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Kaine takes reader questions on transition, shooting lawsuit, more

Earlier today, Tim Kaine, Democratic governor of Virginia and chairman of the Democratic National Committee answered questions from Post readers and discussed his political legacy. Excerpts follow; read the full discussion transcript.

Reston, Va.: Governor, thank you for your service! Will a final part of your legacy include restoring the voting rights of felons who have paid their debt to society and seek to regain their full place in the community?

Gov. Tim Kaine: I have used the executive clemency powers tor restore voting rights for more than 4,400 Virginians. That is by far the most rights restorations that any Virginia governor has done. Some have asked me to issue a blanket order restoring voting rights for an unknown number of unnamed individuals who have not applied to have their voting rights restored. While I am still wrestling with this request, I have some concerns whether it would be a use of the governor's powers in accord with the Constitution or not.

Richmond, Va.: How's the transition going with Governor-Elect McDonnell?

Gov. Tim Kaine: I think the transition is going very smoothly. I am very well acquainted with members of Bob McDonnell's senior leadership team and I've instructed my chief of staff and leadership team to work closely with them. My wife Anne has spent significant time with Maureen McDonnell to help the family make the transition to living in the executive mansion.

Richmond, Va.: What's your opinion of the judges ruling yesterday allowing the lawsuit related to the Virginia Tech shootings to proceed?

Gov. Tim Kaine: I have not read the court's ruling, but Virginia state law generally makes it difficult to have cases dismissed before trial.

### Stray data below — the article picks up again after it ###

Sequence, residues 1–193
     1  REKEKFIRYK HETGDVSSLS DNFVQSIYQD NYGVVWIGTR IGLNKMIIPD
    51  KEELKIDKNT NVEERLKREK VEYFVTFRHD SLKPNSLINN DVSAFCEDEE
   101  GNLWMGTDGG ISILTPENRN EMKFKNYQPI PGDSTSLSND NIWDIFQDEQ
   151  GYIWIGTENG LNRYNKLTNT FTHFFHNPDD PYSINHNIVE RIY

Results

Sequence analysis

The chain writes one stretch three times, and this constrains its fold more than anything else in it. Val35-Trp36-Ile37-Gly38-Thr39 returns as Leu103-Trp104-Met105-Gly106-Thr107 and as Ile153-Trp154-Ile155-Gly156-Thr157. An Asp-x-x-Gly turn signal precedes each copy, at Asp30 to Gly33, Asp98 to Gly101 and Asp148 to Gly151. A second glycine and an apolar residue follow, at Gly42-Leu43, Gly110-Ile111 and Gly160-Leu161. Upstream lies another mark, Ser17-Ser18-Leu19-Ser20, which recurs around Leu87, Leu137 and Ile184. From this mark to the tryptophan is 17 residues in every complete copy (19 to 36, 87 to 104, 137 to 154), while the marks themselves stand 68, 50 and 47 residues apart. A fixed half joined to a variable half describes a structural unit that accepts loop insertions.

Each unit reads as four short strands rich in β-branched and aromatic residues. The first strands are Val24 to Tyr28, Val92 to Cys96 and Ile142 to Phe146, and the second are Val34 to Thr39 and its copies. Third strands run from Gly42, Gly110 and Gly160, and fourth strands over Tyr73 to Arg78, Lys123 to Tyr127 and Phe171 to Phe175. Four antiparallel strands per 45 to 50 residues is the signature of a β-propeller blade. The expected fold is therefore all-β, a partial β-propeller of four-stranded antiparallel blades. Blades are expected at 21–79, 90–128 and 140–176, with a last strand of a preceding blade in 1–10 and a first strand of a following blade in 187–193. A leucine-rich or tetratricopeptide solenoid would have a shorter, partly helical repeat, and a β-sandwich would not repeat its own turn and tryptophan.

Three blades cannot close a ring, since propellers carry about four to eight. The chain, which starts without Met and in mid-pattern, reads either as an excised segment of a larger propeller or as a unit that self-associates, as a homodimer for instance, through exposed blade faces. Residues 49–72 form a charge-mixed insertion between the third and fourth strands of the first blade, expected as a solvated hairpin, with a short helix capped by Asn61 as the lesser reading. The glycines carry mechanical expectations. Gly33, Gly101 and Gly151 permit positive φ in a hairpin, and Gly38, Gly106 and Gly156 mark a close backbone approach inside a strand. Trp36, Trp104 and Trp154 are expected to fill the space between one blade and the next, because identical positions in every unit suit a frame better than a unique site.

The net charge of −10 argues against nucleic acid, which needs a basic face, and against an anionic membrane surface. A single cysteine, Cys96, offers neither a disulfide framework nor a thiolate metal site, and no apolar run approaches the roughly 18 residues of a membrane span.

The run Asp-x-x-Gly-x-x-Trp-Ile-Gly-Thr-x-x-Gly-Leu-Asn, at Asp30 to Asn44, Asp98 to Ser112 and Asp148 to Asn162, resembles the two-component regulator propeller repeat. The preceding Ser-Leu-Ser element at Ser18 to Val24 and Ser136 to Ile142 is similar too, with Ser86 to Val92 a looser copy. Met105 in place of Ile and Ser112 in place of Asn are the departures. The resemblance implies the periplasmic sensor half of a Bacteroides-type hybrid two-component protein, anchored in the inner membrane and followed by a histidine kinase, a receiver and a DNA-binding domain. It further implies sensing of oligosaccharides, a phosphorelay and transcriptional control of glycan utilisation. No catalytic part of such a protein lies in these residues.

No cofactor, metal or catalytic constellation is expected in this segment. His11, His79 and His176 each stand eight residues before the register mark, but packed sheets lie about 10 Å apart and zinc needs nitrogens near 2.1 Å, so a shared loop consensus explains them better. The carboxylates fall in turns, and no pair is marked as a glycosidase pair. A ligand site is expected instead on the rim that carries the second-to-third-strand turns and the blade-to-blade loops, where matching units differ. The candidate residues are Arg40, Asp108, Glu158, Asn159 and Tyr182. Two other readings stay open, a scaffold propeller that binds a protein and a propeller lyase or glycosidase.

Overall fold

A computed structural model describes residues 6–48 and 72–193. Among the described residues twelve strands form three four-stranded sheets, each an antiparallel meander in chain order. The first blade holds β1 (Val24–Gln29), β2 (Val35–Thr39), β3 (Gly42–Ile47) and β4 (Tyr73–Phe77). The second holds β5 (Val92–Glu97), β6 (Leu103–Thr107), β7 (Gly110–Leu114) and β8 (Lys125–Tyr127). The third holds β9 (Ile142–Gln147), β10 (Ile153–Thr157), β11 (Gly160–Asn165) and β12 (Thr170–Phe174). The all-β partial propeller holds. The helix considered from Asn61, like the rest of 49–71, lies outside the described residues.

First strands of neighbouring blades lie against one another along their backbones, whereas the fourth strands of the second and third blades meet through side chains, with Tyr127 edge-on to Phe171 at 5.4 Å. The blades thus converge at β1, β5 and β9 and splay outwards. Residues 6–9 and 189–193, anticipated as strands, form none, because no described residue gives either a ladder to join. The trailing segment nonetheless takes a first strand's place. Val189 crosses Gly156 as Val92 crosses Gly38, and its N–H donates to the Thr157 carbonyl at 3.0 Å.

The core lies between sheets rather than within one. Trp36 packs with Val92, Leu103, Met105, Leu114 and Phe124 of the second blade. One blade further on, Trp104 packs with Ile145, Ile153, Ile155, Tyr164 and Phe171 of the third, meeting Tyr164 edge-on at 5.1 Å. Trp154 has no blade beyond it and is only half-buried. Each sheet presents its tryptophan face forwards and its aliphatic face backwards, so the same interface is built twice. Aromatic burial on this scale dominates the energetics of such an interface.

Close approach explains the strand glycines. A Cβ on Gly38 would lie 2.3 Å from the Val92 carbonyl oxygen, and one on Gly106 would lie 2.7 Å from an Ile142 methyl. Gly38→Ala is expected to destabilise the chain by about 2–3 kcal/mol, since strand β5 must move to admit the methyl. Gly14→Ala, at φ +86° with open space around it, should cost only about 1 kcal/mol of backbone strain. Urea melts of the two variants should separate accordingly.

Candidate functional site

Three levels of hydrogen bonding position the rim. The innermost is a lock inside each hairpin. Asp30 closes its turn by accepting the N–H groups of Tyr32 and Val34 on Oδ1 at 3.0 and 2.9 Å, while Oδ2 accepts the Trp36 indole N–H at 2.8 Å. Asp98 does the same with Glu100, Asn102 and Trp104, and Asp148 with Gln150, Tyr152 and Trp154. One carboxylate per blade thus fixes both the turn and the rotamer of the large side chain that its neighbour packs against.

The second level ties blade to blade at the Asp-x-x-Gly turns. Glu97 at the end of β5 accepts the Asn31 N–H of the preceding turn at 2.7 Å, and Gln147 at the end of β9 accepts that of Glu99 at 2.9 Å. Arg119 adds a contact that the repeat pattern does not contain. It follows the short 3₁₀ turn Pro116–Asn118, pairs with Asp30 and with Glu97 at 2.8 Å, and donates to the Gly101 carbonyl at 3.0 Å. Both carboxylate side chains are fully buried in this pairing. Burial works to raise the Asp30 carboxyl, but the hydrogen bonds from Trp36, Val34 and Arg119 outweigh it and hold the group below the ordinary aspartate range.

Vienna, Va.: Dear Gov. Kaine:

As a supporter of yours, I wanted to thank you for the good work that you have done for the Commonwealth. You provided sound, honest, and realistic leadership in trying times, and succeeded more often than not, in spite of opposition that seems to view doing nothing as an accomplishment.

Having said that, I do think your taking the position of DNC chair before your term as governor expired was a mistake. I understand that President Obama really wanted you for the job, and perhaps in better times it might have made more sense, but this wasn't the time to try to ride two horses at once.

Can you tell us why you decided to do that? Thanks very much.

Gov. Tim Kaine: During 2009, when I have served as governor and DNC chair, Virginia has been named the best state for business by all three business publications that publish annual rankings. We have been accorded a Triple A bond rating for financial management by every rating agency. We have attracted two Fortune 500 companies to move their headquarters from other states to Virginia. We also achieved a significant victory in convincing the legislature to bar smoking in bars and restaurants. We did all this while managing Virginia through the toughest economy since the 1930s, maintaining our position as a state with one of the lowest unemployment rates in the nation and one of the highest median incomes.

I only took the DNC job on the condition that I would be able to focus energies on governing Virginia well in a very difficult time and I think the track record of results has shown I have done that.

I have also been able to build relationships in the White House that have been beneficial for Virginia in a variety of areas including the cleanup of the Chesapeake Bay, decisions about military installations in Virginia and other important matters.

Read the full discussion transcript.

By Christopher Dean Hopkins  |  January 13, 2010; 11:25 AM ET
Categories:  Timothy M. Kaine  
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